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Environment and Rights Magazine

The Environment and Rights magazine has been published by the environmetal organization Bellona since 2002.

The idea of the magazine came from scientists, lawyers, human rights activists, journalists, and environmental leaders in Russia and was published quarterly by the Environmental Rights Center Bellona in St.Petersburg until 2022. After the Russian invasion of Ukraine on the 24th of February 2022 Bellona suspended its work in Russia, closed its offices in St.Petersburg and Murmansk, relocated employees to Lithuania and continued its work. Publishing of the Environment and Rights magazine re-started in the end of 2022 with an issue dedicated to environmental consequences of the war in Ukraine and was published in two languages Russian and English.

Main purpose of the magazine is to promote free public access to fact- and sciencebased, independent, and timely environmental information in Russia.

The magazine gives an opportunity to local environmental activists and young journalists to write about topics of their concern with editorial help of the team. Since 2002 hundrends of journalists and activists contributed to the magazine.

Arctic Issue



This issue focuses on the Arctic, a region experiencing the fastest climate change on the planet. It is surrounded by countries with complex political relations, particularly in light of Russia’s invasion to Ukraine. This region is where various factors, such as foreign policy, economics, and the environment, intersect.


Our authors, some of whom still publish under pseudonyms for security reasons, delve into topics such as how international cooperation in the Arctic has evolved since the onset of the war, Russia’s plans for further development in the region, ongoing and planned infrastructure projects in the Russian Arctic, and the issue of the Arctic’s nuclear legacy amidst ceased international cooperation. We also explore the development of the Northern Sea Route, including concerns regarding industrial pollution and environmental risks in the region.

Climate change, both observed and predicted, remains a crucial issue for the Arctic. Our contributors have studied the latest scientific publications, analyzed existing adaptation plans for Arctic regions, as well as the strategies and actions of federal and local authorities, public organizations and initiatives. Some of these organizations have recently been labeled as “foreign agents” or “undesirable organizations” due to their active work in Arctic regions.

Download the PDF version of the magazine here


Energy Security


We put this issue together of Environment and Rights under unusual circumstances — Bellona was declared by Russian officials to be an “undesirable” organization. You will find a statement by Bellona and the position of its employees on the following page, along with a list of safety recommendations for our readers.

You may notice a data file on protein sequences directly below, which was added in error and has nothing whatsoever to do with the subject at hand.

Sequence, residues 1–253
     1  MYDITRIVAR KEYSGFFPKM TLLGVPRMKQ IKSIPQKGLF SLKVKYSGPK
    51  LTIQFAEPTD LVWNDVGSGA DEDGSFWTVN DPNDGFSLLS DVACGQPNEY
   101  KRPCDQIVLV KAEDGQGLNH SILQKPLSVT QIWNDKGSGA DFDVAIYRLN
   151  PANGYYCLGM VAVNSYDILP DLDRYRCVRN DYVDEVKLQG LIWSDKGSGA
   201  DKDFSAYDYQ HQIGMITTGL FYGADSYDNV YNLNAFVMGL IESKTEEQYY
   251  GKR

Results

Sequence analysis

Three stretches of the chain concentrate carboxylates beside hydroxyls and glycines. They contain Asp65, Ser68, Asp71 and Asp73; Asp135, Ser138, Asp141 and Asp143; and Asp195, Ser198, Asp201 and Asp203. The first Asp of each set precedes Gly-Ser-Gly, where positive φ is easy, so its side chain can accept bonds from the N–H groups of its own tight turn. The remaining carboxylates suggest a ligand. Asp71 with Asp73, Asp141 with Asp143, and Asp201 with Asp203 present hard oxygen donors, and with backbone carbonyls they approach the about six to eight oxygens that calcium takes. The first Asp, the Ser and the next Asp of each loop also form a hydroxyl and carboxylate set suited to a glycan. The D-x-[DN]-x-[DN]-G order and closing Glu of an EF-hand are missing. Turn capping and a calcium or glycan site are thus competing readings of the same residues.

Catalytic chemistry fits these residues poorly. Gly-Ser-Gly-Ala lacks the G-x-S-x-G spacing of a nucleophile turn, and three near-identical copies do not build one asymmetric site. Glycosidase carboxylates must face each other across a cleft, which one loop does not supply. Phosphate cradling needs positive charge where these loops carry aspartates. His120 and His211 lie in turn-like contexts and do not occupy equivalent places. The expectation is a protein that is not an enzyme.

We on the editorial staff have had to take additional measures to protect our colleagues and authors. At the same time, we believe that the issues and problems that we and our authors cover in the magazine continue to be extremely relevant. It is important to write about them, to discuss and analyze them, and offer real solutions. We do not think that critical discussion and collective problem-solving can be classified as a “harmful” or “undesirable” activity.


The topic of this issue is changes in the global energy sector caused by the war in Ukraine and sanctions against Russia, and other global and regional trends.

The authors of our latest issue attempt to answer a number of questions, such as: was there really a crisis on the world energy market in 2022, and what did countries do to resolve it? How did renewable and hydrogen energy develop? What took place in the nuclear power sector? How did Ukraine resist the destruction of its energy sector, and how did Ukrainians survive the winter, and overcome the electricity deficit by mid-February? What is happening to Russia’s energy resources, which can no longer be sold to many countries’ markets because of war related sanctions? What does energy security mean now for the world as a whole — and how can it be strengthened? What new technologies can help to transform the world energy market and end the dependence on hydrocarbons?

Download the PDF version of the magazine here


War and the Environment


This is the first issue or our quarterly magazine Environment & Rights published since Russia invaded Ukraine. In it, several of our authors, writing from Ukraine, Russia and the United States take stock of what nine months of bombardment has wrought on the landscape of one of Europe’s biggest nations.


The article cover topics ranging from the direct environmental consequences of hostilities on the ecosystems of Ukraine (written by Ukrainian ecologists); the threats arising from military operations near nuclear power plants, and the indirect consequences of war for the environment and climate of the world, the global energy sector, and food market. Our authors also describe other goings-on in Russia in the field of climate and forest policy, as well and what has come of Russia’s grassroots environmental movement and protests.


Download the PDF version of the magazine here

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